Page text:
Thap! She snapped the book shut. Her elbows resting on the formica of the table, she sipped her coffee. Relationships, the big enigma which kept hurling more questions than answers, she realized were a lot like books. You finish reading a book and then move on to another. But wherever you go a part of that book always remains with you. And on some lonely night, in the midst of a particularly boisterous bachelor party, the truth of the words which you read in that book suddenly dawns upon you. Just like relationships. You move on, but you always retain a bit of what you shared with the other person. And just what makes the author the wise one behind those words? Imagination. The author imagines the possibility and dares to come up with a solution. Just like the outsider, who has nothing to do whatsoever with the relation discussed? His imagination pronounces him as the undisputed expert on the relationship. He imagines the possibility and thus can invent a solution. Author, books, outsiders, relationships…
She looked at her watch once again, not because she really needed to check what time it was, but because it made her look like she was waiting for someone. She was waiting for someone, but that someone would not be here at least for the next fifteen minutes. So she was very much on her own, sipping coffee which she otherwise gulped. She cringed her eyes in an effort to focus on the thoughts zinging inside her mind. What was it with pretences and relationships? Everybody seemed to say the two never mixed, yet one rested in the shadows of the others. Like Di and her.
They were the best of friends, ever ready to share a laugh and trade some gossip. But lately she found herself avoiding Di’s calls, making excuses to not call her back. She very well knew the reason for that. As of late Di had transformed into a watering pot of sorts. All she could talk about was being the victim of her boyfriend’s insensitivity, her boss’s cruelty or the partiality of the circumstances. Everybody needs to vent out frustrations, she could understand that. But Di had been at it for months. Like showers in the equatorial region, perennially there, with no signs of a change of weather either in the near or the not-so-near future.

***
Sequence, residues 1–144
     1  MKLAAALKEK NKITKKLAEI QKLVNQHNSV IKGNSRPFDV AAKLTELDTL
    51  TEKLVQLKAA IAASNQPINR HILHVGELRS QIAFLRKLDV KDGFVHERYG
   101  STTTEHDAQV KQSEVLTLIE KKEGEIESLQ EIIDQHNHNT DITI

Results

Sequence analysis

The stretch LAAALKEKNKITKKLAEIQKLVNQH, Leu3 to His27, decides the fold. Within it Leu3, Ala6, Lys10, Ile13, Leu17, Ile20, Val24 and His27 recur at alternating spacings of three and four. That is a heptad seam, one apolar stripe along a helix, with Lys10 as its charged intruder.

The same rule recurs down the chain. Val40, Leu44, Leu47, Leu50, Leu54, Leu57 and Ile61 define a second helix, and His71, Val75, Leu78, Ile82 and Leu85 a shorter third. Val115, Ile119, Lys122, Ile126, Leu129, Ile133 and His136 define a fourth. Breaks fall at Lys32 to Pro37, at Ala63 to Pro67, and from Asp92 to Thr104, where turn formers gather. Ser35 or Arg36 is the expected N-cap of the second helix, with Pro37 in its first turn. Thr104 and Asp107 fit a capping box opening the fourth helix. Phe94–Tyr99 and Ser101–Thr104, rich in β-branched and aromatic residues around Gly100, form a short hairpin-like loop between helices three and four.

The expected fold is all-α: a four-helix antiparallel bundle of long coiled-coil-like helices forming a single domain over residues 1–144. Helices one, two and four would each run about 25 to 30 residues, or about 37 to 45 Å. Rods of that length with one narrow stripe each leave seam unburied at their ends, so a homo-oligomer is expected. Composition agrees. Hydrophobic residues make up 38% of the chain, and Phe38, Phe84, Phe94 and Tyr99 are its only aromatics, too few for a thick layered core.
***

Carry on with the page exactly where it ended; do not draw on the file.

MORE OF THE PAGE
In the beginning she had sympathized. There were the right ‘Oh poor you,” and “How could he?”. Then came the phase of active involvement, where she had tried to advocate Di’s side with the boyfriend. But she began to realize that the problem was not the boyfriend, it was Di. Di didn’t want to be with him anymore, but she couldn’t bring herself to call it off. She was doing what the conventional books advise every woman on- the –brink- of -break -off to do. She was making him leave her. But she had to be the victim too, she couldn’t be the ‘bitch who called it off’, she had to be the ‘poor girl who got dumped’. So Di had resorted to pretense. Di pretended that her boyfriend was the evil man behind the handsome mask. Which was ok. What was not ok was Di put a pretense even with her; her supposed best friend.
On numerous conversations with Di, she had wanted to put her hands on ears and scream STOP. But instead she had just listened on. She had wanted to tell Di exactly what she thought, that enough was enough and she had to snap out! But she had just stayed mum, neither sympathizing nor suggestion, just listening on. Why couldn’t she get herself to do it? To tell Di in those excruciating words that she was getting too carried away with her pretense? It would be painful yes. But then getting any infected bit out of the system always was.
What did really stop her? It was a fear that Di might never turn around and talk to her. That suddenly one fine day she would find herself quite alone. Insecurities, she realized, often bind us closer and tighter in a relation, than securities ever would.